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Activists, Politicians Join Forces to Fight Another Foreclosure | News

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Activists, Politicians Join Forces to Fight Another Foreclosure

Another small but important victory Monday in the fight to keep Minnesota homes from falling into foreclosure. At an eviction hearing, politicians and government agencies lined up to help a North Minneapolis woman save her house. As a result, she won some more time to settle her case with her lenders.

Fresh off their successful effort last Monday to save a South Minneapolis man's home, the group Occupy Homes Minnesota now has city council members, state legislators and even the Minnesota Attorney General joining forces with them. They say they'll fight the banks one house at a time until they can affect widespread change.

Outside Minneapolis Mayor R.T. Rybak's office Monday evening, demonstrators placed a colorful sign on the floor, asking for the mayor to put his signature on a petition in support of one of his constituents, Monique White, to help save her home. Said one of the sign makers, Liz Dahl, "What happened to her is what happened to a lot of americans. The economy tanked."

The mayor hasn't signed the petitions but thousands of others have, including seven city council members like the 9th Ward''s Gary Schiff. "What we really need is for the bank to come back to the table," Schiff said.

White is just one woman-- with two sons and two part time jobs -- trying to keep her home by re-negotiating her mortgage, reducing it just a few hundred dollars a month. Before she was laid off from her full-time position as a counselor, it was no problem. But now, it's a big problem. "They won't work with me," she said of U.S. Bank, and Freddy Mac. "I'm not asking for a hand out. I'm just asking them to give me time, meet me halfway."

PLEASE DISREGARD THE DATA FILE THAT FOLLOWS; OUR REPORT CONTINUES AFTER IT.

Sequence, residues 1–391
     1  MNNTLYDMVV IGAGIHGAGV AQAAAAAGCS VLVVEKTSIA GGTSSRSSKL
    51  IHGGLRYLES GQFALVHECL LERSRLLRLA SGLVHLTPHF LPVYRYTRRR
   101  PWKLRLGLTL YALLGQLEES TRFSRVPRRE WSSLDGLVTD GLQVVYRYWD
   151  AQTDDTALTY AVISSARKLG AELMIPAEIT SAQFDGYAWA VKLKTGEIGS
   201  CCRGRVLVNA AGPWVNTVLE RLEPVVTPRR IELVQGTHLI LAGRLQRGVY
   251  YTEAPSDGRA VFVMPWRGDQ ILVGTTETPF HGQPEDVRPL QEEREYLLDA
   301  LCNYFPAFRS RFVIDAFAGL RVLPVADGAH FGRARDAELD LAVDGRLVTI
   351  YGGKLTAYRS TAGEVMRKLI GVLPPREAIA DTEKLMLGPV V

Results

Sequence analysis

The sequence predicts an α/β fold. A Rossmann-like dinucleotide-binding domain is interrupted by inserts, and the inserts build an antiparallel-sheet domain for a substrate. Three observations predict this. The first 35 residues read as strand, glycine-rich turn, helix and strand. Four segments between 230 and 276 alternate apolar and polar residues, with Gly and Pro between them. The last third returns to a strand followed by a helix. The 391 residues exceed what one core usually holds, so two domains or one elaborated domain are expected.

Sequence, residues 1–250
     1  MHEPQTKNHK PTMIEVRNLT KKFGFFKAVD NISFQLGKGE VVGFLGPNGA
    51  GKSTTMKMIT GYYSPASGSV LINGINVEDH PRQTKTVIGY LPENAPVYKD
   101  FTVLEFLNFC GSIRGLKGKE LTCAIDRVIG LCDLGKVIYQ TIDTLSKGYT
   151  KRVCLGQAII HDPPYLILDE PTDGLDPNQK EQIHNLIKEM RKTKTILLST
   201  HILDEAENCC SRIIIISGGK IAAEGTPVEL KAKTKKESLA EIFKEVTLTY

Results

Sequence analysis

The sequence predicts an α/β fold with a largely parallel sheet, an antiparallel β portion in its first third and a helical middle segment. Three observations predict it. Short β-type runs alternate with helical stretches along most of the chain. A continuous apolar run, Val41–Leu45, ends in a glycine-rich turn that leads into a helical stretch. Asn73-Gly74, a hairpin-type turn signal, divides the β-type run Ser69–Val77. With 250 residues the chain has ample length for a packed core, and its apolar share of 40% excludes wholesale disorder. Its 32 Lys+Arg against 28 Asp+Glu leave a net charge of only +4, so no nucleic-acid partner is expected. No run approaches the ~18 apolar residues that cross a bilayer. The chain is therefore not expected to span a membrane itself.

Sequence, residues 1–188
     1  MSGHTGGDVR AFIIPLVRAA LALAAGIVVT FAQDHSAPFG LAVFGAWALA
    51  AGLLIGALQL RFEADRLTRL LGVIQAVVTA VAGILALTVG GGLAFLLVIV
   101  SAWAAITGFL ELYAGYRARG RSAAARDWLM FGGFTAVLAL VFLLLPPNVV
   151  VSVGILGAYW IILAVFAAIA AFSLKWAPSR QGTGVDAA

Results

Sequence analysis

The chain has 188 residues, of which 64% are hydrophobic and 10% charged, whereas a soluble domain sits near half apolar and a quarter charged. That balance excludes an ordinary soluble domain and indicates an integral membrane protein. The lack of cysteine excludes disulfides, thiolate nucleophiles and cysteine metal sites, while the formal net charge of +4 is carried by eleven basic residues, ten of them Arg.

Today, a judge did just that. She's been given a reprieve until Friday, because some big guns have stepped up to bat for her. According to Schiff, "Attorney General Lori Swanson wants to investigate potential mortgage fraud in this case."

Added Nick Espinosa, the organizer of Occupy Homes Minnesota, "To make sure there was no wrong-doing, no illegal activity."

Congressman Keith Ellison and State Rep. Bobby Joe Champion have also joined the fight, and they'll all be plotting their legal strategy over the course of the next few days. That's when Monique's case will go back to court, this time to trial, in front of a jury of her peers.


Five Eyewitness News has profiled Monique's case several times, prompting email after email from others in the Twin Cities who have shared similar struggles to keep their homes. "I think it's really a one by one situation right now," Schiff said. "But what comes across loud and clear is that the city of Minneapolis is sending a message to the banks that we don't need any more vacant homes."

Schiff says more than 800 homes in Minneapolis are currently boarded up and condemned. Monique White is determined that hers won't be among them. "There's too much history there. I've raised my kids there. I will do what i need to do in order to keep my home."

Mark Saxenmeyer can be reached at msaxenmeyer@kstp.com



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